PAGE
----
Learn to use builtin handles, improve them and create completely custom handles
Handles in unity are a very powerful tool to accelerate the development of your game and enhance your editor scripts, they are widely used by unity's default components to give fast and accurate control over different things like colliders bounds or the radius of a point light. Even the transform tools provided by the editor to move/rotate/scale objects are handles, it gives you an idea of how useful they are !
And now, with this article you'll learn to create your own handle, change the control you have over an object in the scene view and add a lot of useful debug tools to you projects. It'll git you the possibility to develop the perfect tool that fits to your needs whether it is to create an "attack pattern editor" or a "3D shape editor', we'll also see two examples of custom handles i created for this article (available here): the curve handle and the snap move tool. With that said, let's get started with some theory and docs !
How to use Handles ?
You can use handles in every unity scripts unless you have UnityEditor included. It will be easier on custom editor which inherit from Editor and so have the OnSceneGUI message where you can put all your Handles calls. But it's possible to draw to implement our own OnSceneGUI by subscribing to the SceneView.onSceneGUIDelegate (no doc found) event like this:
//OnSceneGUI for EditorWindow
SceneView.onSceneGUIDelegate += OnSceneGUI;
SceneView.onSceneGUIDelegate -= OnSceneGUI;
void OnSceneGUI(SceneView sv)
//Draw your handles here
This method have another advantage: it gives you access to the current SceneView but unfortunately this class is totally undocumented but it contains really powerful functions to control the current scene view camera (LookAt, Move to, 2d mode, align view, ....) if you're interested you can check my unofficial doc page for this class.
Once you are in the good context to call your handles, you just have to choose which handle you want to use in the list of Unity Handles. There are some additional settings that cannot be passed as parameter like the handle colors, or if it's lit, these parameters can be set with properties in the Handle class: Handle color, Handle lighting. Some of the Handles functions will take a CapFunction in parameter, the purpose of these functions is to manage the visual and "grab" parts of the Handle, so you can have one handle control with multiple visuals (sphere, dot, capsule, ...). By default there is a couple of Cap functions (they all ends with "HandleCap") that you can use in the Handles class.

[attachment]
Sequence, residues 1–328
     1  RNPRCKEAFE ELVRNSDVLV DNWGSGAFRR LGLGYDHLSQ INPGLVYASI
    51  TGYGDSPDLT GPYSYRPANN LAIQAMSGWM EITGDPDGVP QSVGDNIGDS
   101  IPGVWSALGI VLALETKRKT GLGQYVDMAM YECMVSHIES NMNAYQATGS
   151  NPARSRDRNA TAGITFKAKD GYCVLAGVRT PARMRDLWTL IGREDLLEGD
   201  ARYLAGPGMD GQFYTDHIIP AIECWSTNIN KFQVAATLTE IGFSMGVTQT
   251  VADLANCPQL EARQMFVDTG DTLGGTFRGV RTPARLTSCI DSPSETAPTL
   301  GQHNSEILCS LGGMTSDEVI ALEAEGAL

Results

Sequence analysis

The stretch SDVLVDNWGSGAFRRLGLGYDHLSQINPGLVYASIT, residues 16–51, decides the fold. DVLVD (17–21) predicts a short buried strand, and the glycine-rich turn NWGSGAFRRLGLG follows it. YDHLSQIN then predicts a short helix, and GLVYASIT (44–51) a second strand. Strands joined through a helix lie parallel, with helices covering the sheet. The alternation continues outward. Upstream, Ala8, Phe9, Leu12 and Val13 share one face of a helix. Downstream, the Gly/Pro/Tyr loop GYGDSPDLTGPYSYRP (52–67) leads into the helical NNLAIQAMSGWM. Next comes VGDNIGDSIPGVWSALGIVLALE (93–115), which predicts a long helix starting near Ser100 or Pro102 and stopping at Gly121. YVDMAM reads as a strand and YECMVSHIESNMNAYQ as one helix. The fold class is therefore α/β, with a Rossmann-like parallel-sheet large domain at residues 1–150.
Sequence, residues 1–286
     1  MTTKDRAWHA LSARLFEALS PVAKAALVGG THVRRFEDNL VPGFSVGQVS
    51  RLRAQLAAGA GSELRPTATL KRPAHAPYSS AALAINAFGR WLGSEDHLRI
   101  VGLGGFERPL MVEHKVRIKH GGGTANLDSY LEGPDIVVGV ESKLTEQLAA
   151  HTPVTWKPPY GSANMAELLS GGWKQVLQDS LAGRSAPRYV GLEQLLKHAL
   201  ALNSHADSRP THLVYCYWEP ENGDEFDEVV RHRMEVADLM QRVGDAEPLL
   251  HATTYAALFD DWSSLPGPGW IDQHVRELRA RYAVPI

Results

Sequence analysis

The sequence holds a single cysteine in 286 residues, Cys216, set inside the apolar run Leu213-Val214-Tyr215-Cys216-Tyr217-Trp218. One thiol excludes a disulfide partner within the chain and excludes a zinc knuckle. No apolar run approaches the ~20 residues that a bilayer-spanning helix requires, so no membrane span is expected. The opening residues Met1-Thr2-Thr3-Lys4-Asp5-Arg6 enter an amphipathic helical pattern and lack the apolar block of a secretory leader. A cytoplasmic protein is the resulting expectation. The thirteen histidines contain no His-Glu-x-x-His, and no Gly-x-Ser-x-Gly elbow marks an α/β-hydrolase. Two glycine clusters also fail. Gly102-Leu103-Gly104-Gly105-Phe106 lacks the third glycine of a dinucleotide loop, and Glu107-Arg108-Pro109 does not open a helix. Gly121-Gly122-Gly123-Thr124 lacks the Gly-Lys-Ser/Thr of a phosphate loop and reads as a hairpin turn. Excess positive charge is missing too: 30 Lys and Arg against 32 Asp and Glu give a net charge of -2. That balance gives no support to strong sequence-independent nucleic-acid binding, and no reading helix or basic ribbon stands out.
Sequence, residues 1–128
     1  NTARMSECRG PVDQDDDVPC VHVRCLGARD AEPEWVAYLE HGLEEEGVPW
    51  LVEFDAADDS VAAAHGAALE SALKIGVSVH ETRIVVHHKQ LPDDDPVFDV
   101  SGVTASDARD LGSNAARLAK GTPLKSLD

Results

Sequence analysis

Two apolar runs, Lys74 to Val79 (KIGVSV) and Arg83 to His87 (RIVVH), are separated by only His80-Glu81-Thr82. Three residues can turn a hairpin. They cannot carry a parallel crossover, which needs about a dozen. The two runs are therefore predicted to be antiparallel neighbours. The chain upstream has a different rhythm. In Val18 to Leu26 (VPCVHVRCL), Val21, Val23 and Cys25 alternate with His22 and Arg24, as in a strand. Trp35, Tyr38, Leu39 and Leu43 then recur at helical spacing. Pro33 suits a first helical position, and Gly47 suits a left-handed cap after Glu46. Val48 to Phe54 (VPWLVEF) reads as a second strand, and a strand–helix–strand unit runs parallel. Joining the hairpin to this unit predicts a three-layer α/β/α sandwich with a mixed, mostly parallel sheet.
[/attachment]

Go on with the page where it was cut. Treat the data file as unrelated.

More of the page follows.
Cap and Handles functions
Inside the Handles class, you have three group of functions (plus some utils): Draw, Cap and Handle functions.
About Draw function, as their name says, these functions draw something to the current Handle camera, you can use them to debug or improve your visualization tools but they can't interact with user input.
Cap functions are used to manage both visual and control part of the handle. They act during two event passes: Repaint and Layout, during the repaint pass the cap function draw what it have to draw and in the layout it call the AddControl function to record the distance from the mouse to the visual.
And finally, Handle functions provide a control over the cap function given in parameter (it generates a controlId, catch event relative to the handle and then call the cap function with it's control id). For example the FreeMoveHandle will allow to his cap function to be dragged in 3D inside the scene view.
The size parameter of HandleCap functions can be dynamic or static (like when you switch off 3D icons in the scene view).
A dynamic size in comparison with a static size (which is a simple value), is calculated HandleUtility.GetHandleSize which take a 3D position and return a size based on how far is the camera from the position so your handle will appear to be the same size if you're near or far from it.
Better uses of builtin Handles
I didn't found a better way to introduce this section so it will just be a list of cool things to know when you want to use Handles :)